Playing the EPT London PokerStars Women Live tournament
The Victoria Casino in London, site of the latest European Poker Tour PokerStars Women Live Event, served up piping hot curry as well as a wide array of cash games to console the eliminated. Entrants to the £550 women's event ranged from Team PokerStars Pros who had recently busted from the Main Event to online qualifiers playing in their largest buy-in ever. I got into the groove of my table quickly and had a solid read on the woman to my left, who had just coolered me with A-A vs. K-K all-in pre flop. She was rather short before the hand so I still had about a starting stack in chips.
As I was adjusting to my new situation, the floorman told our dealer: "Give me your big blind." Uh oh, that was me. He took me over to my new table, with Team Pro Vanessa Selbst on my left and to my right, Team Pro Liv Boeree. Not only that, it seemed lots of other players at my table were solid! Although this was the K-K vs. A-A of seat changes, I stuck to my philosophy not to dwell too much on tough seat draws. Except in very deep structures, the luck of the dealer will often be more relevant than the luck of the perfect seat.
However, I do have a few tips for moving to difficult tables. It's wise to cut down on table chatter as you adjust to the new playing styles and stack sizes. Despite being pretty extroverted, I chat a lot less overall when playing with strong pros. First of all, I feel they'll be better at extrapolating any information I give them than amateurs will be. I also like to focus as much as possible; a smart pro told me that he purposefully tries to engage opponents at the table in conversation so "they have less time to think about poker."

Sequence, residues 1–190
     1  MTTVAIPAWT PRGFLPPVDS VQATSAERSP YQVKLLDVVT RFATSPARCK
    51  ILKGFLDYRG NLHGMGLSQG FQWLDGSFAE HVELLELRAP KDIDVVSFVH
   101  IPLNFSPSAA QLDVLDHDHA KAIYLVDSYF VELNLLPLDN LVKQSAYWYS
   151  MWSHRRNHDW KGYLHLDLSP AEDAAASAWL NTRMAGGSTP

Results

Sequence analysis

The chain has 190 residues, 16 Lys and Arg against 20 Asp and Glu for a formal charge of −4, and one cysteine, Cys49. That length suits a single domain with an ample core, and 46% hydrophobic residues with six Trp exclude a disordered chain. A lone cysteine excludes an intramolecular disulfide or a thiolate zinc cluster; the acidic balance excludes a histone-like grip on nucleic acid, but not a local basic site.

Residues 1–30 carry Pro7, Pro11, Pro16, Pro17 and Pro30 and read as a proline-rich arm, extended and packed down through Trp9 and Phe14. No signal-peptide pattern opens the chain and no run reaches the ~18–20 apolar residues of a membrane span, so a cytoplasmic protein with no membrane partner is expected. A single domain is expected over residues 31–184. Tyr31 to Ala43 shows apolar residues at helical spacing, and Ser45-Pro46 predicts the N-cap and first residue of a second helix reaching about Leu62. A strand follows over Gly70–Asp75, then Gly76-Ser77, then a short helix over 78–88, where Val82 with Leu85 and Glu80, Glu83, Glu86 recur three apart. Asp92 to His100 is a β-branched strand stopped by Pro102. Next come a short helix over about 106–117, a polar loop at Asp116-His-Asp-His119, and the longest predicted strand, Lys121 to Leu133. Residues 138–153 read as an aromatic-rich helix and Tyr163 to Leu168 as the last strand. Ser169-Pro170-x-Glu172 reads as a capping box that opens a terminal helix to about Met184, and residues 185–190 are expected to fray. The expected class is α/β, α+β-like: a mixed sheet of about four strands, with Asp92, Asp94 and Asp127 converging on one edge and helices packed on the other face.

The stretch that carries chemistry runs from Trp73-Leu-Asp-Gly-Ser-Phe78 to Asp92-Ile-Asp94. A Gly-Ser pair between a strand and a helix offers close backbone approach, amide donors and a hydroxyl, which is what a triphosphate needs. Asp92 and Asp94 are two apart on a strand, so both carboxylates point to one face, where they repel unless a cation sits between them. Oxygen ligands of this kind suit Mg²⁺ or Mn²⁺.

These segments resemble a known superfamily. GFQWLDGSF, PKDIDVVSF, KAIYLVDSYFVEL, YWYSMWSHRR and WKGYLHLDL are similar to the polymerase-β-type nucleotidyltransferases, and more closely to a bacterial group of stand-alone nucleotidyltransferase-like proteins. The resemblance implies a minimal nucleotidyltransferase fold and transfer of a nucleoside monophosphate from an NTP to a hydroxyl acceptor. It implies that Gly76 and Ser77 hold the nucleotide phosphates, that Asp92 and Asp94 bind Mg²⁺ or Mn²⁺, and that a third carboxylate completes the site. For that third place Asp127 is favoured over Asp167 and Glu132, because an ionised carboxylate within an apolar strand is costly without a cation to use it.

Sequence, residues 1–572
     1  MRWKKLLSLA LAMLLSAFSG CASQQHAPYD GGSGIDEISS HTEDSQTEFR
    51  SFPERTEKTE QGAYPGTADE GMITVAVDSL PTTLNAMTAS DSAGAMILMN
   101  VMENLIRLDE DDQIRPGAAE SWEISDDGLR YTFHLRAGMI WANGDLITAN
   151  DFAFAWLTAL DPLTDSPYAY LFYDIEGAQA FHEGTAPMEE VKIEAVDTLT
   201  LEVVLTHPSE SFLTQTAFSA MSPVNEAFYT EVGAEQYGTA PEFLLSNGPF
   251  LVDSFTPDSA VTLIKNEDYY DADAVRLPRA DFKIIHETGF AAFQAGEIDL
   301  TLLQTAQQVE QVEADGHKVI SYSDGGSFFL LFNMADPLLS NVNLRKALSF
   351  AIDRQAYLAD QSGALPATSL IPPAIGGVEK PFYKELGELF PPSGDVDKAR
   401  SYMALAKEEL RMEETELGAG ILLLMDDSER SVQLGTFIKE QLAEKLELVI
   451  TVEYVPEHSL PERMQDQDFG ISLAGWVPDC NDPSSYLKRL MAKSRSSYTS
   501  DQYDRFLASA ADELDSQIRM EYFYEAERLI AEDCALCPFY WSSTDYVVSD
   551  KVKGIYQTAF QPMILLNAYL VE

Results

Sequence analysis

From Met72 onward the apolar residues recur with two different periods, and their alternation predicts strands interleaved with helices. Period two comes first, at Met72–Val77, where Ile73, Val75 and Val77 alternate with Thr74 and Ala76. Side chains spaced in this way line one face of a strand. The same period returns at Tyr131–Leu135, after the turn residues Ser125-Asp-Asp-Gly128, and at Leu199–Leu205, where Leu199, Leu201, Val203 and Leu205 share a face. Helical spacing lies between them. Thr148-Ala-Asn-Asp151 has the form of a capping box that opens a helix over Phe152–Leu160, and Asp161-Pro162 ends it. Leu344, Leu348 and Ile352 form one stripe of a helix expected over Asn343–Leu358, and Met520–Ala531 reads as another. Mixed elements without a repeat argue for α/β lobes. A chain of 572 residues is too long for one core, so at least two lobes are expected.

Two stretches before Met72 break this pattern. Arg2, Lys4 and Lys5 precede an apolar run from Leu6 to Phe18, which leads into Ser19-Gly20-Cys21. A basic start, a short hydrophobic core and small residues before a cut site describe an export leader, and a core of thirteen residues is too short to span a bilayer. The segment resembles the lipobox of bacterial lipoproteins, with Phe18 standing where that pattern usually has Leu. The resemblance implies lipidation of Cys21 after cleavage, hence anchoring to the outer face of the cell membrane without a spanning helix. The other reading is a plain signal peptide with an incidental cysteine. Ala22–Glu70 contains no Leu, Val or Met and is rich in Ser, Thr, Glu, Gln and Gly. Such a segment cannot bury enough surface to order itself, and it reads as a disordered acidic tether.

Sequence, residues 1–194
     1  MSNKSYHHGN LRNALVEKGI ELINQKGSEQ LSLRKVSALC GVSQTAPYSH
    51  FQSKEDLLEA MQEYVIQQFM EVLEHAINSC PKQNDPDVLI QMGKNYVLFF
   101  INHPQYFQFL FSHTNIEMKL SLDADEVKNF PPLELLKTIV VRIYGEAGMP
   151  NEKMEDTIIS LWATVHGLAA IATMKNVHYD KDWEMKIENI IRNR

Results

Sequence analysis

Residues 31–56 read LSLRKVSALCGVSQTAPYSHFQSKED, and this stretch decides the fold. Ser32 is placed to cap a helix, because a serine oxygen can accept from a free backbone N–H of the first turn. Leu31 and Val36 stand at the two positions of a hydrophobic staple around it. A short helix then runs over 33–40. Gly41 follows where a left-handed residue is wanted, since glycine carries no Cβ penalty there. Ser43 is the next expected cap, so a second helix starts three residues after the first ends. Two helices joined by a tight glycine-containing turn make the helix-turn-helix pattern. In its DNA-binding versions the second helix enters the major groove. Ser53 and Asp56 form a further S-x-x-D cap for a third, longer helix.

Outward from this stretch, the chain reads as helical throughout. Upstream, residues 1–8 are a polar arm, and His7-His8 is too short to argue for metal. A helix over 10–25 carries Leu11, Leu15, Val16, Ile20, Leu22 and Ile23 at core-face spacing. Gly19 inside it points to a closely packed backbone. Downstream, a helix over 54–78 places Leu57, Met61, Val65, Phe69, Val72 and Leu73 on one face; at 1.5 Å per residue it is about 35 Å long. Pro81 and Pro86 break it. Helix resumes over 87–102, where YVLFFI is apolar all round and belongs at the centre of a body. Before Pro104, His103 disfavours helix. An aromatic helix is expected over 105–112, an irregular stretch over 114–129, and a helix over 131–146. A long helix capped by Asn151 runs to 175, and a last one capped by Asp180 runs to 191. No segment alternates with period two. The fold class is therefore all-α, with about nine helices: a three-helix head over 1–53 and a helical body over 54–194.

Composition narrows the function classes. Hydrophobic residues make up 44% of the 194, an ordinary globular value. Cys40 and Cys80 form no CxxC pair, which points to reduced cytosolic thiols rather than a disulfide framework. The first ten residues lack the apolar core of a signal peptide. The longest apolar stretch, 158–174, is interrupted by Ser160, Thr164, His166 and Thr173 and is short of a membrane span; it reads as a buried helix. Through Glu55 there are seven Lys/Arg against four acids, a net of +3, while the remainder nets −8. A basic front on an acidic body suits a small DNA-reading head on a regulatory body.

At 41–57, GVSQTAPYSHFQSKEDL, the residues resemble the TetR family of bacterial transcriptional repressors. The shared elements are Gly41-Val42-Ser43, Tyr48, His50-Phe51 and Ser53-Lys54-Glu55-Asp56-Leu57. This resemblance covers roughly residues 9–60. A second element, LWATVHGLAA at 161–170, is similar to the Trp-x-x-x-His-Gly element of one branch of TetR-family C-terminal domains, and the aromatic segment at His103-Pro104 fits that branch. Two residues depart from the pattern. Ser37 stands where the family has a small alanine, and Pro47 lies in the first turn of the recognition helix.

In the first couple of orbits, I frittered chips and felt self-conscious about it, probably because Vanessa is one of my favorite players and I was thinking a lot about what she was thinking (normally a good thing in poker insofar as it affects your decisions, not your emotions!). On the hand before break it was folded to me (I had about 40 big blinds), with two black jacks on the button. I was very excited about this, not only because I had two jacks in my hand, but also because raising right before the break might induce some light three-bets. Vanessa folded instantly but focused intently for the rest of the hand, after all the other players left for break. The big blind called. The flop was T♠ 8♠ 3♠ and I got check raised. Pretty annoying. Even though I had the jack of spades, there are not too many hands I smash here. I figured she had hands like sets, two pair, some flushes or hands with a lot of equity with the ace of spades, and a smaller number with the king or queen of spades. From the short time I played with her she seemed pretty aggressive, so I thought she might think I'm on a pre-break steal and have more air in her range than usual. I decided to call her small raise. The turn was the ace of diamonds, which is a very bad card because now I'm behind an even larger chunk of the aforementioned hands. So I just folded when she bet and she, Vanessa and I got up to enjoy our remaining ten minutes.